At long last, Americans know more about how people end up on a terrorist watchlist—though still not much.
Early on in a just-leaked 166-page U.S. government guide to officially declaring someone a terrorist or suspected terrorist, a passage acknowledges that "watchlisting is not an exact science." The whole enterprise has "inherent limitations," in part because "analytic judgments may differ regarding whether subjective criteria have been met," the document states. "Given these realities, the U.S. government's watchlisting process attempts to safeguard the American people from a TERRORIST attack while safeguarding privacy, civil rights and civil liberties."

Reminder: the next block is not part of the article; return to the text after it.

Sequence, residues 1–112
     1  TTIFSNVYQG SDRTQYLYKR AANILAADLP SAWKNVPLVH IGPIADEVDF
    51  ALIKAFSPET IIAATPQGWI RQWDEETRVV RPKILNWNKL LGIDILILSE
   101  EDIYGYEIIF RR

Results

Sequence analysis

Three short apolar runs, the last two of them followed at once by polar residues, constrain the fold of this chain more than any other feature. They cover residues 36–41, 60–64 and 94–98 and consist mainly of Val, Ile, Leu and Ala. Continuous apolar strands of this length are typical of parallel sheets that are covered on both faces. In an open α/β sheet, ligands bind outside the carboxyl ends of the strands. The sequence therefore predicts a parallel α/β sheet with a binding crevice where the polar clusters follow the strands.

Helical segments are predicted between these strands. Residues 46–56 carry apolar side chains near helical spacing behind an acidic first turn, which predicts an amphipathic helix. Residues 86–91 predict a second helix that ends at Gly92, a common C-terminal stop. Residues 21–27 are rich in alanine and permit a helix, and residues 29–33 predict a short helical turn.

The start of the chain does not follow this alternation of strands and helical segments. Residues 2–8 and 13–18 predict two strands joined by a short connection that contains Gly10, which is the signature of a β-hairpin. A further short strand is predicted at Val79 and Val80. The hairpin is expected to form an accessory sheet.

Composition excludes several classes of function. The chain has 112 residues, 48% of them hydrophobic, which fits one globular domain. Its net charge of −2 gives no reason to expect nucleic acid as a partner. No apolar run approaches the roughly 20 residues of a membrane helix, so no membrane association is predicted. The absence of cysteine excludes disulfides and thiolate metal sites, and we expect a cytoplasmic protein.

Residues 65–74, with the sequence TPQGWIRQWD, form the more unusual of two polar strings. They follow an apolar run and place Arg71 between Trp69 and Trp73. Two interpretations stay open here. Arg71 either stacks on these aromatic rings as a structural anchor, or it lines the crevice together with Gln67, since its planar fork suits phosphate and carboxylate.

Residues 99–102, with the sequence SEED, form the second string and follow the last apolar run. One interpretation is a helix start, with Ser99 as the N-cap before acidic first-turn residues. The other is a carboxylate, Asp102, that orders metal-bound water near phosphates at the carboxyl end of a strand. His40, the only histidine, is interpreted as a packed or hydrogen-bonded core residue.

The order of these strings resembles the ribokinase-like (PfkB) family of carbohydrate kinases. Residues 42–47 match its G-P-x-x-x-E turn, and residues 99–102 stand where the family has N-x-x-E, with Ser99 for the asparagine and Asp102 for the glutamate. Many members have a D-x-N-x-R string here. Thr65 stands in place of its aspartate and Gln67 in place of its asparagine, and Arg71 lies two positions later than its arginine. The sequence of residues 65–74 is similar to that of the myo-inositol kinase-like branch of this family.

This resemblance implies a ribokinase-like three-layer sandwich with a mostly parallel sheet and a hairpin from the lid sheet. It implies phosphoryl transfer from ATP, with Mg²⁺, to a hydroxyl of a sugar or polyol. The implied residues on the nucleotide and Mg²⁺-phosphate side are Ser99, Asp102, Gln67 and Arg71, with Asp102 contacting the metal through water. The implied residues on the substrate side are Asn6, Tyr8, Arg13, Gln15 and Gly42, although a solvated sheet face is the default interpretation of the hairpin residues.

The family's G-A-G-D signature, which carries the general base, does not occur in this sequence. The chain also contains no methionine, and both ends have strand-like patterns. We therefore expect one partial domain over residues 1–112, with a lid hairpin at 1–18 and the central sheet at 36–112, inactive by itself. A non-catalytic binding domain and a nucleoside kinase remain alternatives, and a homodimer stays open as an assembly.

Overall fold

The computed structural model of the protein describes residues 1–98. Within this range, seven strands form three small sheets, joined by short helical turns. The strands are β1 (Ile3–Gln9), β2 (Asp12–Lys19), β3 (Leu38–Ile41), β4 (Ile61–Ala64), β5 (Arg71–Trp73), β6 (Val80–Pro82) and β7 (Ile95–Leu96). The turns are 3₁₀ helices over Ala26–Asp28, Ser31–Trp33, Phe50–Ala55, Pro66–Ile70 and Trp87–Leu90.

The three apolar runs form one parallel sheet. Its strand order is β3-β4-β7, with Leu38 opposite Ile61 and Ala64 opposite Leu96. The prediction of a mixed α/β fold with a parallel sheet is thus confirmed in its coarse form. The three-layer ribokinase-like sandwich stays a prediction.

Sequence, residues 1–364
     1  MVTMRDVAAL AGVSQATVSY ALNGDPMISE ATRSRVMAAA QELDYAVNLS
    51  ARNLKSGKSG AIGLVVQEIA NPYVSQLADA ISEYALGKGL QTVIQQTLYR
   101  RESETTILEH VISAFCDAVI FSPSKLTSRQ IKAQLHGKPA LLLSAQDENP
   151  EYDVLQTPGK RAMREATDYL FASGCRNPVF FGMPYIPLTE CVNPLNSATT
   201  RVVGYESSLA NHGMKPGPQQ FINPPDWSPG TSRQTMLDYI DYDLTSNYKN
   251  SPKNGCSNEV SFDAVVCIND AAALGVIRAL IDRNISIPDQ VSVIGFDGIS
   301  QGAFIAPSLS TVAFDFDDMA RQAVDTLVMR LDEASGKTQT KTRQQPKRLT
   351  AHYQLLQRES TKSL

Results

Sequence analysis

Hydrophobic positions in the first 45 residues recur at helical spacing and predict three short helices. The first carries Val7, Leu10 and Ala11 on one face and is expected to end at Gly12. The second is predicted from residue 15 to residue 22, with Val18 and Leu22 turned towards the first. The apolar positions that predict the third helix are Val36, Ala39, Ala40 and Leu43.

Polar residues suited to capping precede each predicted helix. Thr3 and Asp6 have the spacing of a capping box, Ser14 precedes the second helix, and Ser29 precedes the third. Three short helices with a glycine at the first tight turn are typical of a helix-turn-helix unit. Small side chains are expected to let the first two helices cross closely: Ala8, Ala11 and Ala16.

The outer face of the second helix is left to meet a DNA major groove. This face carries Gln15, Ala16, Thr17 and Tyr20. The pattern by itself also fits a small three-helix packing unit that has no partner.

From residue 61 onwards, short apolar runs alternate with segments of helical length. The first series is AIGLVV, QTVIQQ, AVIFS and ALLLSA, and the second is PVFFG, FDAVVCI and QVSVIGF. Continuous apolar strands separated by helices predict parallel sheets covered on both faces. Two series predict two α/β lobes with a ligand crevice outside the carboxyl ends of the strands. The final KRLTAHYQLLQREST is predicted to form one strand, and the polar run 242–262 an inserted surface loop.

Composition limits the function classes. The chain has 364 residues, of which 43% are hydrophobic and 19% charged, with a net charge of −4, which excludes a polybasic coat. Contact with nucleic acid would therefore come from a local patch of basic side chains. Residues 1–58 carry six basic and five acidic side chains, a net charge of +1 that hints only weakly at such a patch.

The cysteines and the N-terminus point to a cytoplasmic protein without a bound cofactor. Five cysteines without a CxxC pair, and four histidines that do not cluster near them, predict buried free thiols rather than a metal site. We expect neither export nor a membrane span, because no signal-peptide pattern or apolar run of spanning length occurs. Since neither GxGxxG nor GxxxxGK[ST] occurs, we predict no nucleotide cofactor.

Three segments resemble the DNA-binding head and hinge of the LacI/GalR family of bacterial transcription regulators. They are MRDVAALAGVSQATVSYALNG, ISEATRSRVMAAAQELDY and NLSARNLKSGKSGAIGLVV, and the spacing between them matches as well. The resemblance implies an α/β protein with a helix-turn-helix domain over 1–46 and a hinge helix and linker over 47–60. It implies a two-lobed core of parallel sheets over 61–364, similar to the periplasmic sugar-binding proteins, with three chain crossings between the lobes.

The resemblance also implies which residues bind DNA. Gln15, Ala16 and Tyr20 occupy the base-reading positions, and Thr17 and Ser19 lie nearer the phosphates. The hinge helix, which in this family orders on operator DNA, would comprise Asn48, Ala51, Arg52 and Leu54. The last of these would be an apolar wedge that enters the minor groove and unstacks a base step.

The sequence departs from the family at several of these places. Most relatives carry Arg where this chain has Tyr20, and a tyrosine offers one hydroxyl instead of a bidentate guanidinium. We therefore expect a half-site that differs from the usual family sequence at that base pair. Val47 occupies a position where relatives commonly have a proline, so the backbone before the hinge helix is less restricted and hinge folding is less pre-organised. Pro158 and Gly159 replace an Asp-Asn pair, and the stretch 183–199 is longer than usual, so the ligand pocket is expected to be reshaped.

Despite this explicit, official recognition of the system's inherent dangers, the Bush and Obama administrations both conspicuously failed to incorporate basic safeguards to protect innocent U.S. citizens and foreigners from inclusion. Their gross negligence stems from disregard for longstanding legal norms and protections and from unwarranted faith in the federal bureaucracy. This hubris is at direct odds with the logic of checks and balances within the American system that go back to the founding of the country.
Consider the features of the U.S. system that have traditionally distinguished us from repressive regimes where innocents are wrongfully labeled enemies of the state, or from Franz Kafka's stories:
- Clearly written, publicly available standards, subject to ongoing debate about their appropriateness, indicating how an individual could run afoul of the law.
- Due process, or the ability to challenge government findings before a neutral arbiter.
- Checks and balances, so that no one branch of government can seal a citizen's fate.
- Clarity regarding whether an appeal to the government's system has failed or succeeded.